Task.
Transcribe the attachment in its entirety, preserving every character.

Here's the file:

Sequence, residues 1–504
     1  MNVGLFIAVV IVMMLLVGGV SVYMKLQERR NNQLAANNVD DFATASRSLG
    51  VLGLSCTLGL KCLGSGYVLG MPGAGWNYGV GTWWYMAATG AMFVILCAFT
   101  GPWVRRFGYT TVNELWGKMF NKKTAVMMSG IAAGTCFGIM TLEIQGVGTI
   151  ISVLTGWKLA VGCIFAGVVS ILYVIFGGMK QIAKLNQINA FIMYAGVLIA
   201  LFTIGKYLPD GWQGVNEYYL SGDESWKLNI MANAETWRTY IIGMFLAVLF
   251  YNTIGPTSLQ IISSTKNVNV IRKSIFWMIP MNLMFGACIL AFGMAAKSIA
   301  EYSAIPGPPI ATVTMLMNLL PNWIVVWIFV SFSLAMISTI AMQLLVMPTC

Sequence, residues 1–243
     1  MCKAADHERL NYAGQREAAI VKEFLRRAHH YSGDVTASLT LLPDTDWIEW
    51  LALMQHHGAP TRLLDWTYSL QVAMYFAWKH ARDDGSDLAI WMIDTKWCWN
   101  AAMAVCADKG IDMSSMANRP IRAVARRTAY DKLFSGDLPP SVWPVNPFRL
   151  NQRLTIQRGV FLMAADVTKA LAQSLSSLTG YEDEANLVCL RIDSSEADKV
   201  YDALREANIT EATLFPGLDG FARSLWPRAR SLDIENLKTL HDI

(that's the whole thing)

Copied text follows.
Sequence, residues 1–504
     1  MNVGLFIAVV IVMMLLVGGV SVYMKLQERR NNQLAANNVD DFATASRSLG
    51  VLGLSCTLGL KCLGSGYVLG MPGAGWNYGV GTWWYMAATG AMFVILCAFT
   101  GPWVRRFGYT TVNELWGKMF NKKTAVMMSG IAAGTCFGIM TLEIQGVGTI
   151  ISVLTGWKLA VGCIFAGVVS ILYVIFGGMK QIAKLNQINA FIMYAGVLIA
   201  LFTIGKYLPD GWQGVNEYYL SGDESWKLNI MANAETWRTY IIGMFLAVLF
   251  YNTIGPTSLQ IISSTKNVNV IRKSIFWMIP MNLMFGACIL AFGMAAKSIA
   301  EYSAIPGPPI ATVTMLMNLL PNWIVVWIFV SFSLAMISTI AMQLLVMPTC

Sequence, residues 1–243
     1  MCKAADHERL NYAGQREAAI VKEFLRRAHH YSGDVTASLT LLPDTDWIEW
    51  LALMQHHGAP TRLLDWTYSL QVAMYFAWKH ARDDGSDLAI WMIDTKWCWN
   101  AAMAVCADKG IDMSSMANRP IRAVARRTAY DKLFSGDLPP SVWPVNPFRL
   151  NQRLTIQRGV FLMAADVTKA LAQSLSSLTG YEDEANLVCL RIDSSEADKV
   201  YDALREANIT EATLFPGLDG FARSLWPRAR SLDIENLKTL HDI